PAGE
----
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TO IDENTIFY INTRINSIC RISK FACTORS FOR GROIN/HIP INJURIES AMONG ACADEMY LEVEL RUGBY UNION PLAYERS: A PROSPECTIVE COHORT STUDY
  1. J Ryan,
  2. K McCreesh,
  3. N DeBurca
  1. University of Limerick, Limerick, Ireland

Abstract

Background Groin/Hip injuries are among the top 6 most commonly cited injuries in Rugby Union (RU). These injuries have increased significantly since 2002 moving from 16th to 4th place in the most common training injuries in 2012 RU annual audit.

Objective To identify intrinsic risk factors for groin/hip injuries in an academy level RU population.

Design Prospective cohort study design. Players were tested pre,mid and end season by primary investigator (PI) with team physiotherapists collecting injury data.

Setting Testing was carried out in University of Limerick and two Irish RU provincial training grounds.

Participants 43 players were recruited using dissemination of information leaflets and objective discussion. Inclusion criteria: Academy level RU players from 2011/2012 provincial teams, over 18 years of age, fluent in English with written consent. Exclusion criteria: Injured or non-consenting players.

Risk factor assessment Hip adductor squeeze strength, hip abductor/adductor isometric strength, passive and active internal/external hip rotation ROM, hip abduction ROM, adductor flexibility, groin palpation and quality of single leg squat were examined. Anthropometric data was collected using questionnaires. Team physiotherapists recorded injuries using OSCIS grading system. Hypothesis was formulated prior to testing.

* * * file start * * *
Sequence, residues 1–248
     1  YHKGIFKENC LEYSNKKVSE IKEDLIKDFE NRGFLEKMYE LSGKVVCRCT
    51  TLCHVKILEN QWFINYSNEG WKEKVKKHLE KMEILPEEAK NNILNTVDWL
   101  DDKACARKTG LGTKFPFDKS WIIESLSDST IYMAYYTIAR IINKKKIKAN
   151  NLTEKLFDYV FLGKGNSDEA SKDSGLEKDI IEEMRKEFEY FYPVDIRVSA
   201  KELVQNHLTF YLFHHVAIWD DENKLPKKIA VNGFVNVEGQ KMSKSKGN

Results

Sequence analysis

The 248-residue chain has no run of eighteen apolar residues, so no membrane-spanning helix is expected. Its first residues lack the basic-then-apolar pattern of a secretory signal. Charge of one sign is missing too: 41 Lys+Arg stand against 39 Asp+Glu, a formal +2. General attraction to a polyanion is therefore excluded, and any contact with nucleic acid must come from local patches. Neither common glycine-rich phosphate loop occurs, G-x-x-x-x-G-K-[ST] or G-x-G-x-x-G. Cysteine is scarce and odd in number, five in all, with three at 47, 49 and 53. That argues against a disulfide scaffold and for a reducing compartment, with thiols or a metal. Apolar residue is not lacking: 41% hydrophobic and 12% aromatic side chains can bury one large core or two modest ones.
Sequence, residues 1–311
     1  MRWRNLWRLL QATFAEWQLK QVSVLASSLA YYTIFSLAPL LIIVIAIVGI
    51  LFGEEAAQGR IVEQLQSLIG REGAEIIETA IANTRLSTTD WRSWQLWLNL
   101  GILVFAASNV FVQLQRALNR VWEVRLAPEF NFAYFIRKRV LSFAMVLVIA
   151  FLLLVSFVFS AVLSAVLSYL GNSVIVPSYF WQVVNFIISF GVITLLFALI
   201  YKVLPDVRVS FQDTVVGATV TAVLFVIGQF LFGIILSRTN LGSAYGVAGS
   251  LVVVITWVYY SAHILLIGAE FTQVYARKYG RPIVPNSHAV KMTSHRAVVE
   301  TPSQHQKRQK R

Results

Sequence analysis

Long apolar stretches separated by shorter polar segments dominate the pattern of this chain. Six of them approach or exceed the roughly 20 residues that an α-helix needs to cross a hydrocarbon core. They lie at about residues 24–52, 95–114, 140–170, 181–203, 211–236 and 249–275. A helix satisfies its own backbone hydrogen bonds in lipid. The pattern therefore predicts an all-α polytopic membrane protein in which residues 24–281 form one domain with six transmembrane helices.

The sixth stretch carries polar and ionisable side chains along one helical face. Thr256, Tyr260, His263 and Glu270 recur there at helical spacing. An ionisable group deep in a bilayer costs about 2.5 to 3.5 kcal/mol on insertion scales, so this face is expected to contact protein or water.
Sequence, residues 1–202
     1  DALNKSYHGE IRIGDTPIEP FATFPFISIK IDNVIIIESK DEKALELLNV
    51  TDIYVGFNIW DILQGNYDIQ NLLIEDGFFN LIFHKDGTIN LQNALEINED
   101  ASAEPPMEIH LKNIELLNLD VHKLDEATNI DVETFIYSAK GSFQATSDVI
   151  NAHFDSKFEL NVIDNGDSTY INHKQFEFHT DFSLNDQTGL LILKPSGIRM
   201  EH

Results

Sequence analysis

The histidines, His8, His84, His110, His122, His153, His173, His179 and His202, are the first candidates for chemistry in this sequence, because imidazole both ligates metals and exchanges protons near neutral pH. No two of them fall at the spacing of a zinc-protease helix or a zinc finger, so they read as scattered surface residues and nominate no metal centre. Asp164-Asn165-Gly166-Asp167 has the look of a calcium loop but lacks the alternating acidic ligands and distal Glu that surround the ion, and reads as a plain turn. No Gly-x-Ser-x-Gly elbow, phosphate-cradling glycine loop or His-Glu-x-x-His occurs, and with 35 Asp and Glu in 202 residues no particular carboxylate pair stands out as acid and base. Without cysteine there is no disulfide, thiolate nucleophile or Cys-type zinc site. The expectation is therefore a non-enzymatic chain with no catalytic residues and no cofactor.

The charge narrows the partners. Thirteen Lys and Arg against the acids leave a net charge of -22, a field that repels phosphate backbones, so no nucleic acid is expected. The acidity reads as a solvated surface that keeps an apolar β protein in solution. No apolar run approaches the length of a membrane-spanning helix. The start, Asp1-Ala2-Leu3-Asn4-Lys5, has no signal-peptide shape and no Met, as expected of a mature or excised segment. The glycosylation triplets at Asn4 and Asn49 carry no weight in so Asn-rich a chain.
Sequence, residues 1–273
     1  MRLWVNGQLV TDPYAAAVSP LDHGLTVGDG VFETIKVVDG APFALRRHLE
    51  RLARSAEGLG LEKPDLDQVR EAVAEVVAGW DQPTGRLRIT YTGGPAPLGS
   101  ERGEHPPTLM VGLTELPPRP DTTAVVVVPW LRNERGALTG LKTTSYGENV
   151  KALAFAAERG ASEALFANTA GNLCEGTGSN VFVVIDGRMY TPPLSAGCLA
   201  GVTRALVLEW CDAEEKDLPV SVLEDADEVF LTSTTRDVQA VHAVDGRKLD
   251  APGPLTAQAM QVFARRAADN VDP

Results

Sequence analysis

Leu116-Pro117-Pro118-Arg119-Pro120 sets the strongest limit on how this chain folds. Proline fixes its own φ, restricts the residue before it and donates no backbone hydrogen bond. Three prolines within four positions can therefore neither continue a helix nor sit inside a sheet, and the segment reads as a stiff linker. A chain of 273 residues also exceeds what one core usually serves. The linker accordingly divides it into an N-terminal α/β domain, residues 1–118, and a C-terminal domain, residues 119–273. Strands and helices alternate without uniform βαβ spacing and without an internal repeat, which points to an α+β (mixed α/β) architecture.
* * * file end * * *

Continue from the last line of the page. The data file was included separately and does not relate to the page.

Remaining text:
Results Incidence of groin/hip injuries was 21%. Non-modifiable risk factors identified were previous injury and smaller player height. Modifiable risk factors identified included; lower isometric squeeze strength, reduced dominant leg and bilateral mean adductor flexibility, greater dominant and non-dominant hip internal rotation ROM and positive tenderness of adductor origin musculature.

Conclusions This study succeeded its objective. This is of significant importance clinically due to high injury incidence leading to missed training/matches and associated costs. Future research should call on the rugby community to implement these identified risk factors in the development of a screening tool for groin/hip injuries and examine its efficiency at reducing the incidence of injury thus taking the next step in groin/hip injury prevention.

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